New Zealand (Mar 2022 Tatauranga Aotearoa, Stats NZ)
New Zealand (268,021 km2) is made up of 2 main islands, North Island and South Island with over 700 smaller islands. The population is 5,127,100. The capital city is Wellington (pop 506,814) and the largest city is Auckland (pop 1,571,718) and the two official languages are Māori and NZ Sign Language. The most spoken languages are English, te reo Māori, Samoan, Northern Chinese (including Mandarin), and Hindi.
The legal framework related to Health and Safety at Work
There is one legal system for New Zealand relating to health and Safety legislation. New Zealand’s key work health and safety legislation is the Health and Safety at Work Act (HSWA) and regulations made under that Act. All work and workplaces are covered by HSWA unless specifically excluded.
The HSWA is regulated by WorkSafe New Zealand and other functions are carried out by designated government agencies who have been designated to carry out health and safety functions for certain sectors.
The New Zealand Occupational Hygiene Society
The New Zealand Occupational Hygiene Society (NZOHS) is a network of occupational hygiene professionals who further the practice, professionalism, and recognition of the industry. It was officially launched in 1994. Our Membership is made up of Professional Occupational Hygienists either working for large companies, private consultants, or for WorkSafe NZ. The Society has also welcomed into its midst, NZOHS Associates, a larger number of people who are working in the field of health and safety but have only a part time interest in Occupational Hygiene.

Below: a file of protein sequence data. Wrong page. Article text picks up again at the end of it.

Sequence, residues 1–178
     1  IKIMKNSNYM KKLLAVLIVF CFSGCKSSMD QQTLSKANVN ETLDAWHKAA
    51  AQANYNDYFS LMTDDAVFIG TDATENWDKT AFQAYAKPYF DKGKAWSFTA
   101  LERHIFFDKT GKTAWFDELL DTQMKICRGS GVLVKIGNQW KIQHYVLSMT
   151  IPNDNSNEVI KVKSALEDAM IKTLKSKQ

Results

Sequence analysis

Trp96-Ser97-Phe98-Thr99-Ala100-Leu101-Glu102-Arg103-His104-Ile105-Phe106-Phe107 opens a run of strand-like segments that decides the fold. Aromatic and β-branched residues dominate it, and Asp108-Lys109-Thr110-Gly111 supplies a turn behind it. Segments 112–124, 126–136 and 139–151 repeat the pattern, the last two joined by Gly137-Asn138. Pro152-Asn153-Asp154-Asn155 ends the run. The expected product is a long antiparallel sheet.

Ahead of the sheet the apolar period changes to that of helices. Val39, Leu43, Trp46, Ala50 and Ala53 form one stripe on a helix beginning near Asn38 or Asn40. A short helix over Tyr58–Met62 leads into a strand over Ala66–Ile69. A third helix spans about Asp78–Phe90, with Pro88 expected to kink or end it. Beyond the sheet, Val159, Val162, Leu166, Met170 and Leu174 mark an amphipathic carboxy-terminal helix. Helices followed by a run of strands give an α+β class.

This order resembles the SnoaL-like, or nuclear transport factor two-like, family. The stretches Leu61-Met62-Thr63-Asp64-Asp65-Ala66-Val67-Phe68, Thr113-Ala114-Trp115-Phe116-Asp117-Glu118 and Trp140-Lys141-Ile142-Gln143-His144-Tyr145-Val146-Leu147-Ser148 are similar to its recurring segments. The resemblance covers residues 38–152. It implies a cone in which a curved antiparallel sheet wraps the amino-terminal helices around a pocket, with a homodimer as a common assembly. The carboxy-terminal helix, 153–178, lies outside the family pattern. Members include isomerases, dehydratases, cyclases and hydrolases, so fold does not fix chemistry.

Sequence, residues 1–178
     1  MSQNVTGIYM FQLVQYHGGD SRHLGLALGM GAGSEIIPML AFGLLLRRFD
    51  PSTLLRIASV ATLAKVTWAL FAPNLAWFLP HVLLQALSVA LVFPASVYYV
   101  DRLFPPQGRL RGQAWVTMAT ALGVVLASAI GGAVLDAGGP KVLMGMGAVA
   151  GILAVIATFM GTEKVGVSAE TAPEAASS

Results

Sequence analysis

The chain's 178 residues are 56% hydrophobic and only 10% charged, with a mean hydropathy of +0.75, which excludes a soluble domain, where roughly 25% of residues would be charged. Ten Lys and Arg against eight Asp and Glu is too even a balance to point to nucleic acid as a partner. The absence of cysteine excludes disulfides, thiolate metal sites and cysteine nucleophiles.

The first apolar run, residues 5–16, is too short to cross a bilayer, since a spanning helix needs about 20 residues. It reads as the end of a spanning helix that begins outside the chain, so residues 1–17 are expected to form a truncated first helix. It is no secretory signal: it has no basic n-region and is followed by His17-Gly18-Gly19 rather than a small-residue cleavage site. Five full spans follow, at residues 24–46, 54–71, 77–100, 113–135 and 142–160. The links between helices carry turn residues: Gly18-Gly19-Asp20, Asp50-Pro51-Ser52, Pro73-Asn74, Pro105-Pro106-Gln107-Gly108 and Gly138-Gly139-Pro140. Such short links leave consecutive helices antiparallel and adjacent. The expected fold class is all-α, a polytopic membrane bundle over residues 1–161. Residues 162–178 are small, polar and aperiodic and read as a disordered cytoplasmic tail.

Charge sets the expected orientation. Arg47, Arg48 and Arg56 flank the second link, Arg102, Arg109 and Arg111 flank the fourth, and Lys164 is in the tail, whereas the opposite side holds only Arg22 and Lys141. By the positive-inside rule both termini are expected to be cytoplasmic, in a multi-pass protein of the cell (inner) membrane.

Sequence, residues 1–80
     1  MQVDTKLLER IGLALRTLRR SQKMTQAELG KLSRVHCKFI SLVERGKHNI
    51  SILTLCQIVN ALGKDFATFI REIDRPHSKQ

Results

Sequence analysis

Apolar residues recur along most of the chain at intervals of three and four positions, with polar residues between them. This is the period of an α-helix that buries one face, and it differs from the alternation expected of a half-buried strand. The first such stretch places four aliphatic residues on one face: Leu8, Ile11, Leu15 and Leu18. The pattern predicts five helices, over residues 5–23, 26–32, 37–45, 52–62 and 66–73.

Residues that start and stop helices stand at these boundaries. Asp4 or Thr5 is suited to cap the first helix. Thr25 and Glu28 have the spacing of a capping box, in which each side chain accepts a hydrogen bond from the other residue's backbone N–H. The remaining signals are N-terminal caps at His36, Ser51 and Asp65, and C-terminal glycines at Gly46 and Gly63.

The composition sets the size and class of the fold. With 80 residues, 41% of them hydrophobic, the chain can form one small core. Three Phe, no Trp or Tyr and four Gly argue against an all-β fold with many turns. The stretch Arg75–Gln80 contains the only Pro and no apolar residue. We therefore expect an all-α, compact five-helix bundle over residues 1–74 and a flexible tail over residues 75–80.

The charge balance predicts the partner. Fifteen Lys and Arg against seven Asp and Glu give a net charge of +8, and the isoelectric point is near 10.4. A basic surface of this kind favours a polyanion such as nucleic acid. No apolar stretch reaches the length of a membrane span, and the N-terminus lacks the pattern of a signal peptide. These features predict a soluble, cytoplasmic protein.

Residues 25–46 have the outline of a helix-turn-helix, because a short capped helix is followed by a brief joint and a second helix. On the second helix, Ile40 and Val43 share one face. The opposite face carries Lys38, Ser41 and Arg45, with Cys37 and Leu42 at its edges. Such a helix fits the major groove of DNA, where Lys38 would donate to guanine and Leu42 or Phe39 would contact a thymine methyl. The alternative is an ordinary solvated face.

The NZOHS is a member of the Health and Safety Association of New Zealand (HASANZ) which is the umbrella organisation representing workplace health and safety professions in New Zealand. An incorporated society, HASANZ aims to raise professional standards across the sector while connecting businesses with trusted health and safety professionals. HASANZ comprises of eleven professional associations.
The population density is 18 per km2. One third of the population live in rented accommodation, 87% in urban areas. New Zealand’s unemployment rate is low.
The demographic evolution of New Zealand is characterised by the ever rising average age and a relatively high proportion of foreigners. As a result of a lower birth rate and rising life expectancy (men reach an average of 80, women 84) the aging process will probably increase in the next few years. 15% of the people are older than 65 years of age.
Out of the 2.9 million workers, 47% are women. Small and medium-sized enterprises (of less than 50 employees) account for 99% of all businesses in New Zealand. Industries are broken down into four broad groups: Goods producing, Primary, Service and Tax on production.
In the goods producing you find construction wit agriculture, forestry, fishing and mining in the primary sector. Services are well developed in the hotel and restaurant trade and transportation, health care as well as banking.
In 2020 the number of work-related ill health estimates that there are 750 – 900 deaths per year and an estimated 5000 – 6000 hospitalizations each year. Reported calculations show that acute injuries (including fatalities) account for 11% of annual work-related disability-adjusted life years (DALYs) lost. Musculoskeletal harm accounts for 27%, mental health harm 17%, cancers 16% and respiratory harm 14%.